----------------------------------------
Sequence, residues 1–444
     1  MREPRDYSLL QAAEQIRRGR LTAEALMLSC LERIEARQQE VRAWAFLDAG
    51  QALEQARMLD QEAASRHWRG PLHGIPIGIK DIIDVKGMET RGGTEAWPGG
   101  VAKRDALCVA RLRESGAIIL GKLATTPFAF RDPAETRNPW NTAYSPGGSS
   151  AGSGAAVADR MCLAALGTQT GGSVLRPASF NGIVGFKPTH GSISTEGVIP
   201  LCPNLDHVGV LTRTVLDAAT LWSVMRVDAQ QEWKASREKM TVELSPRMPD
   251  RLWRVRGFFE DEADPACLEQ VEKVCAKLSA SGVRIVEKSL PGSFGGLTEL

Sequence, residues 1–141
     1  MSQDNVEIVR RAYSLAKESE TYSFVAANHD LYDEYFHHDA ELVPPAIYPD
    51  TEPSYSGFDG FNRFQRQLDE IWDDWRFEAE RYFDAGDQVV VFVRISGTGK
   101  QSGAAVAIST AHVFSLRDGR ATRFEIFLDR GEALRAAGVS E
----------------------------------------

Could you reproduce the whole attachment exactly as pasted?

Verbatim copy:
Sequence, residues 1–444
     1  MREPRDYSLL QAAEQIRRGR LTAEALMLSC LERIEARQQE VRAWAFLDAG
    51  QALEQARMLD QEAASRHWRG PLHGIPIGIK DIIDVKGMET RGGTEAWPGG
   101  VAKRDALCVA RLRESGAIIL GKLATTPFAF RDPAETRNPW NTAYSPGGSS
   151  AGSGAAVADR MCLAALGTQT GGSVLRPASF NGIVGFKPTH GSISTEGVIP
   201  LCPNLDHVGV LTRTVLDAAT LWSVMRVDAQ QEWKASREKM TVELSPRMPD
   251  RLWRVRGFFE DEADPACLEQ VEKVCAKLSA SGVRIVEKSL PGSFGGLTEL

Sequence, residues 1–141
     1  MSQDNVEIVR RAYSLAKESE TYSFVAANHD LYDEYFHHDA ELVPPAIYPD
    51  TEPSYSGFDG FNRFQRQLDE IWDDWRFEAE RYFDAGDQVV VFVRISGTGK
   101  QSGAAVAIST AHVFSLRDGR ATRFEIFLDR GEALRAAGVS E